This promotion starts on 1 Aug 2012 and ends on 1 Dec 2012. Although the start and end date of this promotion each lie within existing product availability periods, temporal RI (period containment) is violated because there is a supplier gap between these two dates. As illustrated in Figure 4, promotion 19 is valid during August, September, October, and November, but we have no supply during September and October.
Figure 4. Promotion 18 violates temporal RI
The promotion 19 example illustrates an important fact: If the parent periods for a particular key value can have gaps, containment violations cannot be detected simply by checking that the start date and the end date of a child period are contained in existing parent periods. However, if you know for sure that there are no period gaps between the parent rows with the same key value, period containment is easier to enforce.
Promotion 17 illustrates another important observation: to enforce period containment with one or multiple parent rows it is generally not sufficient to check whether the start and end date of a child period are both contained in the same parent period. Such a check would enforce period containment in a single parent and would reject promotion 17.
There are typically four options for handling temporal RI:
- No enforcement. Do not define any constraints when you know temporal RI is not relevant for your application or never violated.
- Enforce in the application. A good choice if your applications already enforce temporal RI. Otherwise, it can lead to more application complexity and places a burden on application developers.
- Enforce using triggers. Create triggers for insert, update, and delete operations to enforce temporal RI.
- Enforce using stored procedures. Create stored procedures that enforce temporal RI for many rows in bulk operations.
In the remainder of this article, we provide some examples for options 3 and 4, triggers and stored procedures, to enforce period containment between a child row and one or multiple parent rows. The code samples have been tested on DB2 10 for Linux, UNIX, and Windows®, but the same general concepts also apply to DB2 for z/OS®.
To enforce temporal RI, you can create triggers for some or all of the following events:
- Insertion of rows in the child table.
- Temporal RI might be violated if the period of a new product promotion is not contained in a business period for that product. A trigger can detect this condition and reject the insert of a promotion.
- Update of rows in the child table
- Temporal RI might be violated if the primary key or the business time period of a child row is changed. The trigger can reject the update if needed.
- Deletion of rows from the parent table.
- Temporal RI might be violated if a product is deleted while a
related promotion still exists. In this case, the trigger can
implement a delete rule of your choice, such as:
- Rejecting and roll back the delete operation.
- Cascading the delete and remove associated rows in the child table.
- Modifying the child rows in some other application-defined manner.
- Temporal RI might be violated if a product is deleted while a related promotion still exists. In this case, the trigger can implement a delete rule of your choice, such as:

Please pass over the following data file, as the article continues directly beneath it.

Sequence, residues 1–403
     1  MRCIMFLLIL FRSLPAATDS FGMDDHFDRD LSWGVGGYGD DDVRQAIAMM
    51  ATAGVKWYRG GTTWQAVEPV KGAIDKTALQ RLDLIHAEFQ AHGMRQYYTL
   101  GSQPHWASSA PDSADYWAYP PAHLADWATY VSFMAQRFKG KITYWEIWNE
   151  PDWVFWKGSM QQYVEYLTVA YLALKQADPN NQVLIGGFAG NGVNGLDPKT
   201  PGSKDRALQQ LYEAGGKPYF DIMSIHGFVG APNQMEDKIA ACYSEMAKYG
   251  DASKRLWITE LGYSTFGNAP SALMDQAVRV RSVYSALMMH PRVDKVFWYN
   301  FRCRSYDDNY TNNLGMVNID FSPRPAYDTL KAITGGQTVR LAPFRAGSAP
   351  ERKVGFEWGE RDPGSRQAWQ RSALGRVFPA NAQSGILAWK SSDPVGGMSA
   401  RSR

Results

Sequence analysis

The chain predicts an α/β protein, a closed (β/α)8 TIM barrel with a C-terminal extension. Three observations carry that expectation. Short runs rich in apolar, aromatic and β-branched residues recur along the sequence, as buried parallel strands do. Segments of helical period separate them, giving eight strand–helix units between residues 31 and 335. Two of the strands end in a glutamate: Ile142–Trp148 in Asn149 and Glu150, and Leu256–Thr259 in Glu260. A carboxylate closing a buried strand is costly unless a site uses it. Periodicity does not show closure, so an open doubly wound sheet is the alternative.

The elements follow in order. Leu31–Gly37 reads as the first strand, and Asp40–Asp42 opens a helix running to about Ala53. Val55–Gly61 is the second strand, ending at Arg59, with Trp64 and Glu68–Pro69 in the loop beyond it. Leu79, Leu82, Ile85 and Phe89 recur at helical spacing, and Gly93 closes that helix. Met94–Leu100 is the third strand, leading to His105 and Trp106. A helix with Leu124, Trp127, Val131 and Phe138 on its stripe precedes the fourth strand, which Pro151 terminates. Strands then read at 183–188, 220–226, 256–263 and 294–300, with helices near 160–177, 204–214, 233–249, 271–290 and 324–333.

- Update of rows in the parent table.
- Temporal RI might be violated if the primary key or the business time period of a parent row is changed. In this case, the trigger can either reject the update or it can delete or modify the related rows in the child table.
The following sections provide sample triggers for inserts and updates of child table rows.
In this section we assume that the periods for any given product in the
parent table (
product_avail) never have gaps.
This assumption implies that the temporal RI violation of promotion 19 in
Figure 4 cannot occur and so the trigger does
not need to check for this special case. This allows for a simple trigger
implementation. Later we discuss how this trigger can be extended to
Listing 3 shows a trigger that is executed
whenever a new row is inserted into the
promotion table. The trigger checks temporal
RI for the new row, which is to say that it verifies that the
period of the new promotion row is contained in the period(s) of one or
multiple parent rows for the same product ID.
The trigger performs two checks. First, it checks whether the start date of
the inserted promotion is contained in the business period of a
product_avail row with a matching
prodID value. Then it checks a similar
condition for the end date of the inserted promotion. If either of these
tests fails (for example, if the count of matching parent rows is zero),
then temporal RI is violated and an error is raised. If
both the start and end date are contained in periods of corresponding
parent rows, temporal RI is maintained and the
insert completes. Otherwise, the trigger rejects the insert, signals a
custom SQL state, and issues a message that temporal RI is violated.
Listing 3. Trigger to enforce temporal RI upon insert of a child row
CREATE TRIGGER promotion_insert_RI BEFORE INSERT ON promotion REFERENCING NEW AS new FOR EACH ROW MODE DB2SQL BEGIN ATOMIC IF ( -- Is promotion.promo_start part of an existing product_avail period? (SELECT COUNT(*) count FROM product_avail p WHERE p.ProdID = new.ProdID AND p.avail_start <= new.promo_start AND p.avail_end > new.promo_start)=0 OR -- Is promotion.promo_end part of an existing product_avail period? (SELECT COUNT(*) count FROM product_avail p WHERE p.ProdID = new.ProdID AND p.avail_start < new.promo_end AND p.avail_end >= new.promo_end)=0 ) -- promotion.promo_start AND promotion.promo_end must BOTH be -- part of ANY period THEN SIGNAL SQLSTATE 'RI999' SET MESSAGE_TEXT='PROMOTION PERIOD IS NOT FULLY CONTAINED IN EXISTING PRODUCT PERIODS!'; END IF; END@